In the same way that the stock market is, it is questioned whether or not you need skill or utter luck in order to be successful in fantasy sport leagues. As an unsuccessful member of the fantasy league community I can confidently say that this is down to luck, however there are many out there that disagree.
So that begs the question, would insider information for a fantasy league be beneficial for an individual or would it simply be random useless information? In the case of DraftKings and rival company FanDuel, it is evidently very beneficial as one of DraftKings employees played on the site of FanDuel and won $350,000 in one week (www.ft.com, 2015).
DraftKings have argued that the information that this employee had access to was not available in time for them to make an alterations to their roster. Major League baseball have expressed their shock that DraftKings allow their employees to participate in fantasy contests altogether, most likely because all employees will have more market knowledge than any normal member of the public and will surely lead to an unfair benefit.
Another article in The Financial Times has explored the ongoing investigation into whether or not daily and weekly contests in fantasy leagues are a form of online gambling or simply a game of skill. This is very interesting because if this is classed as online gambling then the overriding factor in winning would be luck. So any insider information would not benefit the individual participating in the fantasy game. However if it is seen as a game based on skill and knowledge, then to use any insider information is seen as not only immoral, but also illegal (Arnold, 2013).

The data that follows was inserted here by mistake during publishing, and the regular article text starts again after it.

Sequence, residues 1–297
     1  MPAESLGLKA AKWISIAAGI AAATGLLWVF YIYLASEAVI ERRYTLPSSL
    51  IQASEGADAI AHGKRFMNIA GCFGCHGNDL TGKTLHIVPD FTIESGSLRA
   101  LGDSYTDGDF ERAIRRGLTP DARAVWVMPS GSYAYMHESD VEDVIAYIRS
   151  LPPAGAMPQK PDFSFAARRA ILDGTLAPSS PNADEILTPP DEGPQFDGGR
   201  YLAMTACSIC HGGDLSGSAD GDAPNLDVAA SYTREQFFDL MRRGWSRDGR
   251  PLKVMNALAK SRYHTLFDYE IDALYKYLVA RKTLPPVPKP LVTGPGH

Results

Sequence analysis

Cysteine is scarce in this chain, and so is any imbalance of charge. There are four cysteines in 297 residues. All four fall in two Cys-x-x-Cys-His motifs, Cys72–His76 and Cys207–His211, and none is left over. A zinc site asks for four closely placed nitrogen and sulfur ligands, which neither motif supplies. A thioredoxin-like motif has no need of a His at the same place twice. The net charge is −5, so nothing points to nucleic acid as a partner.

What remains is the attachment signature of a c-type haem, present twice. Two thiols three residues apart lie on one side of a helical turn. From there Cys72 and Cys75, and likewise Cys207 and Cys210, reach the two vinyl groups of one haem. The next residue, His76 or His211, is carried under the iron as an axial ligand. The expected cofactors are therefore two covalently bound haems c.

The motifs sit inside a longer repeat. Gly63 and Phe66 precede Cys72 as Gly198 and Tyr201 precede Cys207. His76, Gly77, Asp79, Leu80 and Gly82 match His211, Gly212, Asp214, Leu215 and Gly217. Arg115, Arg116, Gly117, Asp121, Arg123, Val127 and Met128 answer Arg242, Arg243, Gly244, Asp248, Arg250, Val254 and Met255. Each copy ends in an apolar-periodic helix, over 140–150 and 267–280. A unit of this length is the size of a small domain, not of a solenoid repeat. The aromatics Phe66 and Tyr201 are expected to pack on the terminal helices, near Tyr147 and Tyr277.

Unless the employee had won this obscene amount of money from just pure luck it is quite apparent that the only other likelihood is that whatever knowledge they possessed has been used to their advantage. If this is the case then it seems farcical that there are no regulations or guidelines that have been put in place to prevent employees that work for daily or weekly fantasy leagues from participating, as they have a clear advantage over the general public.
After deliberating on this issue for some time I have come to a conclusion that the employee is not the main culprit for this situation, as they have simply made the most out of an opportunity that was available to them (even if it is frowned upon by many) and have taken advantage over a market that clearly does not run efficiently. The fault here lays with the authorities and the organisations for not having the necessary principles and regulations in order to make this market a fair one for all to compete in.
Please comment if you disagree or agree with any of my points, or even if you have anything additional that I have not discussed.
Over and Out